Another way to increase the number of hits to our blog is to comment on others’ blogs. When we read a good blog, or even one which is not good but makes good points, we should comment on it, specifically, and show that we understood it and either agree or disagree with the post. By doing this, as long as we don’t leave an anonymous comment, we provide others with a link to our blog!

In terms of The Relationship Economy, the creation and maintenance of a blog provides us with the means to begin fostering relationships with others. Time is our most valuable commodity, and by providing a single portal through which others can the information they need and want, we make ourselves more valuable to them. Not only does a blog provide us with the credibility that we know about what we are talking or writing, but it also shows complete strangers that we recognize the value of forming relationships via the social web.

How ‘bout it?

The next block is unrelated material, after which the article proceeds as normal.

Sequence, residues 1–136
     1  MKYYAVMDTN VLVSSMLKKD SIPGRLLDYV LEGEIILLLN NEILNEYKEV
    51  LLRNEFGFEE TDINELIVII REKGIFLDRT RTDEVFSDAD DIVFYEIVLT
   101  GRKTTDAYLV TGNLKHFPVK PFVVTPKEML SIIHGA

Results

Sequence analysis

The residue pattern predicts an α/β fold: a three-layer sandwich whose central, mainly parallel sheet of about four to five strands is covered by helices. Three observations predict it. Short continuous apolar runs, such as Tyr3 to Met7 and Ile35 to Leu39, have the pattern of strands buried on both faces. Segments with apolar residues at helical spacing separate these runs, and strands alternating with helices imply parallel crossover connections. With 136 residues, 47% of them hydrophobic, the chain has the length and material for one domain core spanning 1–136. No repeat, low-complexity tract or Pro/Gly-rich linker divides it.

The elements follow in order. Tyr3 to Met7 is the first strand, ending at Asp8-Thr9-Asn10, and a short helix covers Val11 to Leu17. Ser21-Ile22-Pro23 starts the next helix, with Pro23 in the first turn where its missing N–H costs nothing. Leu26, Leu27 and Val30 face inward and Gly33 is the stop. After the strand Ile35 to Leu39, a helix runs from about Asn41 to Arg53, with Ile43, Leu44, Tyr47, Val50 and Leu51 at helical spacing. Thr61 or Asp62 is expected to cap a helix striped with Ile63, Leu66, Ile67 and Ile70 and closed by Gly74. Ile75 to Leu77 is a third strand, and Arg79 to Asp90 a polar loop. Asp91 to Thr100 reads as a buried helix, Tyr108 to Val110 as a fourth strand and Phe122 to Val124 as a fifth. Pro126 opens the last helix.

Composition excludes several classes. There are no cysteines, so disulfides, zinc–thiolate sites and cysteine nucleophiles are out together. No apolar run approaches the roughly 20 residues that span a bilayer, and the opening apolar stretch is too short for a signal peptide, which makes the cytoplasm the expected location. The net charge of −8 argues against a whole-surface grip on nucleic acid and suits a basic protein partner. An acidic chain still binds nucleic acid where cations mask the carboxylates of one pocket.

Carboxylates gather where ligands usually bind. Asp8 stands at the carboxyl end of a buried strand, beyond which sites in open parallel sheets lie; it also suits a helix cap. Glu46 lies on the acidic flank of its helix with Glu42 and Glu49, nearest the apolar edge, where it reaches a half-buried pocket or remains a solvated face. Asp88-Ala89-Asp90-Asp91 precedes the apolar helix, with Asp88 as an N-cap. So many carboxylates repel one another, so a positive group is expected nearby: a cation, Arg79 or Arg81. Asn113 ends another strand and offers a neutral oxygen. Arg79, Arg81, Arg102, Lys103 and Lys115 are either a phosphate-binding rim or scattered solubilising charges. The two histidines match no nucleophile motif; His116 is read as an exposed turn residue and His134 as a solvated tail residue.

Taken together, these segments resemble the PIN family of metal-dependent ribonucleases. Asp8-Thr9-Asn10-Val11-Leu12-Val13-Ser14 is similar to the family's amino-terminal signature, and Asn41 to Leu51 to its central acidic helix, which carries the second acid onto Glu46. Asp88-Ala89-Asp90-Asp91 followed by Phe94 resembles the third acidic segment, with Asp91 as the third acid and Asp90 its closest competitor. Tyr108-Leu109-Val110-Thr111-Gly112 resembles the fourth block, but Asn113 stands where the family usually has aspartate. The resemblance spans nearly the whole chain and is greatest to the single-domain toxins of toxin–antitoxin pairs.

The Genius of Einstein Applies to the Social Web

February 2, 2008

relationshipeconomy-mid.jpgIn his recent post, Max Kalehoff of Online Spin revisits some of Nobel-prize-winning physicist Albert Einstein’s famous quotes and explains them for the marketing world of today.

“Not everything that can be counted counts, and not everything that counts can be counted.” In an increasingly quant-driven marketplace, it’s easy to obsess on what you can count and disregard the rest. This paradox contributes to the confusion of aims mentioned above. To be successful, it’s critical to find alternative means of codifying and leveraging the important things you can’t count.